Public Sector Leaders Must Exploit New Technologies
For public sector agencies, facilitating easy access to and exchange of data is crucial for responsiveness—whether that’s through electronic medical records for EMS or durable handheld technology for police officers. But beyond the technology itself, teams need to evolve their processes for true efficiency—read on to learn why.
With increasing demand for services, rising expectations and significantly diminished budgets, public sector leaders have faced a constant battle to deliver more with less. Many have recognised that technology can be part of the solution. Yet until recently, few have gone beyond using it for record keeping, improving their websites and making public facing transactions available online.
However, that is changing and changing fast. The latest generation of digital technologies, such as the cloud, mobile, artificial intelligence, the internet of things and blockchain, promise to deliver efficiencies, but also to support new ways of working and enhance the relationship between citizen and state. If these tools are only used to optimise existing ways of working, the improvements will only be incremental.
New Technology Makes Identifying Risks and Opportunities Simple
Consider just a few examples. For as long as governments have existed, their ability to process information has been limited by the number of administrators at their disposal. Today, any organisation can access unlimited processing power with cloud computing. Thanks to artificial intelligence, that processing power increasingly includes the ability to automate complex analysis of virtually limitless amounts of data to offer useful insights.
In place of the default mode of public services addressing failure after it happens, predictive data analytics can help identify fire and other public safety hazards, or road networks at risk of serious accidents before the fact, leading to earlier intervention and prevention.
Where frontline staff once had to go about their work with paper records, software-as-a-service has made it possible for everyone from police officers to social workers to have real-time data access in the field, to improve their decision-making.
And while technology in the form of social media has often been blamed for undermining democracy, a new generation of digital tools is being used to re-engage communities by enabling citizens to crowdsource ideas, co-draft legislation, propose how local budgets are spent and vote on the best ideas.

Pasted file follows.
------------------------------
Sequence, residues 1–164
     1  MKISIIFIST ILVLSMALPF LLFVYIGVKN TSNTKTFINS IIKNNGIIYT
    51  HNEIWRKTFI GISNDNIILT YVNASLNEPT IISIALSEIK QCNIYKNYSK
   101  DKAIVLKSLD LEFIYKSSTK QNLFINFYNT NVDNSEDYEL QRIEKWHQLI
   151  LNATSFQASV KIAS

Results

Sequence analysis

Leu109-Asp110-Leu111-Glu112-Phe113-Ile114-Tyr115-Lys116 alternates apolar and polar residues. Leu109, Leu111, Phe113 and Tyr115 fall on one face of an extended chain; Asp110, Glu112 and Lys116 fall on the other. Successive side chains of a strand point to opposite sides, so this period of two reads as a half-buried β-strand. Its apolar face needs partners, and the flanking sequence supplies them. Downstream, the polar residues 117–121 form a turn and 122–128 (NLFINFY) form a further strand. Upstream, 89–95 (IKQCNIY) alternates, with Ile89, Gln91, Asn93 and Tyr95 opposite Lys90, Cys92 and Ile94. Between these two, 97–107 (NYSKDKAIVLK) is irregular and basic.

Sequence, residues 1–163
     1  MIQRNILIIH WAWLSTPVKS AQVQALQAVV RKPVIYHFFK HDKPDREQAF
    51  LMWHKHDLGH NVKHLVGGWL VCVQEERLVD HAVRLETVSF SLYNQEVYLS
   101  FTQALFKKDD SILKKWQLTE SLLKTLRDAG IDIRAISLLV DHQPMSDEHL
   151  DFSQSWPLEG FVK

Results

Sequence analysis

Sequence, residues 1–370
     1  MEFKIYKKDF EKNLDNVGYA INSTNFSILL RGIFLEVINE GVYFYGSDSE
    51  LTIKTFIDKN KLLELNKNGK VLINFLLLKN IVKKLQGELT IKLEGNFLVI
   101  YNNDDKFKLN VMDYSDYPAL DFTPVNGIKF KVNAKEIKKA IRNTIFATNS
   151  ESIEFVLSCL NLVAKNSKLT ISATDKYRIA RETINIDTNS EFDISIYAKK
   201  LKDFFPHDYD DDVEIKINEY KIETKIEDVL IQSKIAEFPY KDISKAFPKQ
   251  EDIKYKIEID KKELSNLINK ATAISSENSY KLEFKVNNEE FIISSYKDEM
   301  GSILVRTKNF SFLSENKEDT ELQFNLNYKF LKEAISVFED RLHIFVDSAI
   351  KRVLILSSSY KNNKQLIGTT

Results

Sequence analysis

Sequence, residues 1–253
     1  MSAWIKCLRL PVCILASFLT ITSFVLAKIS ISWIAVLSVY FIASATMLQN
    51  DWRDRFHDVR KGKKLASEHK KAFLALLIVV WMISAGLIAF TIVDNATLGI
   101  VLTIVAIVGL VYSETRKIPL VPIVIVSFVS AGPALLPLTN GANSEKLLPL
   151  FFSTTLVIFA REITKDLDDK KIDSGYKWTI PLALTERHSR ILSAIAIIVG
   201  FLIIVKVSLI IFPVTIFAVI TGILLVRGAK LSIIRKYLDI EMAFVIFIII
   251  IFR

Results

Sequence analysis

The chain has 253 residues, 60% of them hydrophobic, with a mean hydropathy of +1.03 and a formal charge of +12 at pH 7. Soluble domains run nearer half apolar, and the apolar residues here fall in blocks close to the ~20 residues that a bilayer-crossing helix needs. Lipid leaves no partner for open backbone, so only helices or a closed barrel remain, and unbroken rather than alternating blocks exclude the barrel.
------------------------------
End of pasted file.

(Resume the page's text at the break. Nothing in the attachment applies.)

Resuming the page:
Public Sector Leaders Must Make the Most of New Technologies
Collectively, these new technologies have the potential to be game changers. But realising that potential will require a new approach from public sector leaders.
Instead, their challenge is to match the level of innovation seen in the technology with equal innovation in the structures and ways of working to which those technologies are applied in their organisations. They must explore whether they can use these tools to enable fundamentally better ways of addressing the social challenges they are tasked to address.
To achieve this, leaders need to shift their organisations to more agile ways of working to experiment with new tools and see what works. They must ensure their organisations have the right skills to do so effectively. They must be willing not just to adopt new technologies, but also to open up their inner workings to public involvement in ways that may push them well out of their comfort zones.
If all of that sounds daunting, there is also an empowering message for leaders. They can get off the treadmill of trying to deliver more with less, and instead focus on delivering less with more. They must focus relentlessly on the areas where the public sector is uniquely placed to make a difference, while making full use of the powerful array of tools that are available to them.
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